Wuhan is not a city of fear. If a revolution couldn’t faze us, a natural disaster or illness won’t.”
When the time came for my friend to leave, on January 19, the atmosphere had become more tense, and events took a nasty turn. First came the official reports from other provinces, confirming that the virus wasn’t just in Wuhan, and that it could be passed between human carriers. Supermarkets were still packed with locals stocking up for the Chinese New Year celebrations. Criticism of Wuhan’s disease control become a national pastime. I was only back in town for the holidays, but I wrote an email to my university in Australia about extending my leave.
On January 20, I came down with cold-like symptoms and immediately went to a community clinic. People were streaming in and out. Only the doctor wore a face mask, and he indiscriminately prescribed antibiotics, fever reducers, and a traditional honeysuckle medicine. As I waited, I read a regulation posted on the wall that medical personnel have a legal responsibility to report Category A infectious diseases within two hours, and Category B and C diseases within 24 hours. Atypical pneumonia is classified as Category B but follows the reporting timeline of Category A.
When it was my turn to be seen, the doctor told me I didn’t have a fever. He wrote down my name and age, then told the crowd that the clinic had run out of face masks. Go take a look in the pharmacy next door, he suggested. “What can we do to prevent getting sick?” asked someone. The doctor lowered his mask and replied, “Try positive thinking.” Everyone laughed.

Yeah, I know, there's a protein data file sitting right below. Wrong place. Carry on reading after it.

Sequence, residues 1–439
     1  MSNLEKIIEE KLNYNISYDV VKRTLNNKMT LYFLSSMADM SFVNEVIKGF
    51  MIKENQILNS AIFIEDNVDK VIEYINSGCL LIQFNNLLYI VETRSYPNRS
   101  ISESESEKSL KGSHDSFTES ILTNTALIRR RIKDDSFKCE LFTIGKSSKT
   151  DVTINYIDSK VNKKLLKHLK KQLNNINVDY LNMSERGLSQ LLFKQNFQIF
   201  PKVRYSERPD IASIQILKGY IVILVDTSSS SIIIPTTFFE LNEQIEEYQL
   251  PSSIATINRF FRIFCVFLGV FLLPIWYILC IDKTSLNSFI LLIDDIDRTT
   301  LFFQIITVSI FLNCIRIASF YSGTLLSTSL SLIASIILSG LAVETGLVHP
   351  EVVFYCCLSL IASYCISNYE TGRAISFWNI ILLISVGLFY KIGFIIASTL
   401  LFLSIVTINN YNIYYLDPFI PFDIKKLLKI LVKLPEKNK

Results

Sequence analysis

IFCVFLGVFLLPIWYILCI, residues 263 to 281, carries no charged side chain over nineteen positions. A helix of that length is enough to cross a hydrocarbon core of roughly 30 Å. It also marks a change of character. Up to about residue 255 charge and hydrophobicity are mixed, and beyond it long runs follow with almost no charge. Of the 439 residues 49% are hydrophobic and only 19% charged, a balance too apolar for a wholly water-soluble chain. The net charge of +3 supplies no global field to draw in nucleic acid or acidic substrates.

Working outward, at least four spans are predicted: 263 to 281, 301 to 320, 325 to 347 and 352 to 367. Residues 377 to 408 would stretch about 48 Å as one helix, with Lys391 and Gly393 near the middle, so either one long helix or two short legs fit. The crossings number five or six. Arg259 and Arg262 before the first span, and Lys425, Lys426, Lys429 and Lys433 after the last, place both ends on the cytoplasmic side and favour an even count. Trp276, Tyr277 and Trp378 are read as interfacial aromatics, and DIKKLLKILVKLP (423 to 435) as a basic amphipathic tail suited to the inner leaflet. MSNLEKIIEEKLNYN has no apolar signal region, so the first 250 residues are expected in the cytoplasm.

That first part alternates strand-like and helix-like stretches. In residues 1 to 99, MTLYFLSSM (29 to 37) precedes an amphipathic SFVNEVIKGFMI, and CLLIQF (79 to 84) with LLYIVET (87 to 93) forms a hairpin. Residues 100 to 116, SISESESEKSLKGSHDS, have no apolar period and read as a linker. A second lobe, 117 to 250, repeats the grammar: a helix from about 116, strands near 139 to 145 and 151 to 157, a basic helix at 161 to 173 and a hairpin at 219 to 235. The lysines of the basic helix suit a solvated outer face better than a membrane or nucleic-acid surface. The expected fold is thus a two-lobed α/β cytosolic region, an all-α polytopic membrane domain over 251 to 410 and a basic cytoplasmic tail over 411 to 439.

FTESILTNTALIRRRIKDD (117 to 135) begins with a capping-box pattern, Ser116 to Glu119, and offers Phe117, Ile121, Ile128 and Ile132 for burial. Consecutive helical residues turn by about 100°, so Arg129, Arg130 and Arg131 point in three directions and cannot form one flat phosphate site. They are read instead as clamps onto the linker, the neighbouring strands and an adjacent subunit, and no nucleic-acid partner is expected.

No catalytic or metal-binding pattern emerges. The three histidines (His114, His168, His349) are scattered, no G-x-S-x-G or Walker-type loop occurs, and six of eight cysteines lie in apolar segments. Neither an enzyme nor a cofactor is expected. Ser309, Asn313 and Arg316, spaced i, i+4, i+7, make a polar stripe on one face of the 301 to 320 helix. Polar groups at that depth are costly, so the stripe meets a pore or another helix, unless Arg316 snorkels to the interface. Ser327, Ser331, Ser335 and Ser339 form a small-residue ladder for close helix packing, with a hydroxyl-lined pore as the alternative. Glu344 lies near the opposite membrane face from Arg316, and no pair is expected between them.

When I went to the pharmacy, crowds were lining up to buy face masks. The shelves displayed all kinds, and people were asking which was most effective. I hesitated, and the face masks were going fast so I randomly bought a few. Then another customer came in and tried to buy the rest of the stock, carrying a bulky bag. More than one person consoled themselves saying: “everyone else is wearing one, so I’ll be safe even if I don’t.” In Shanghai and Beijing, masks were already selling out, and in Wuhan they are now almost impossible to find. From that day on, face masks became ubiquitous in public, and the streets were a collage of white patches, like pear-blossoms budding out of season.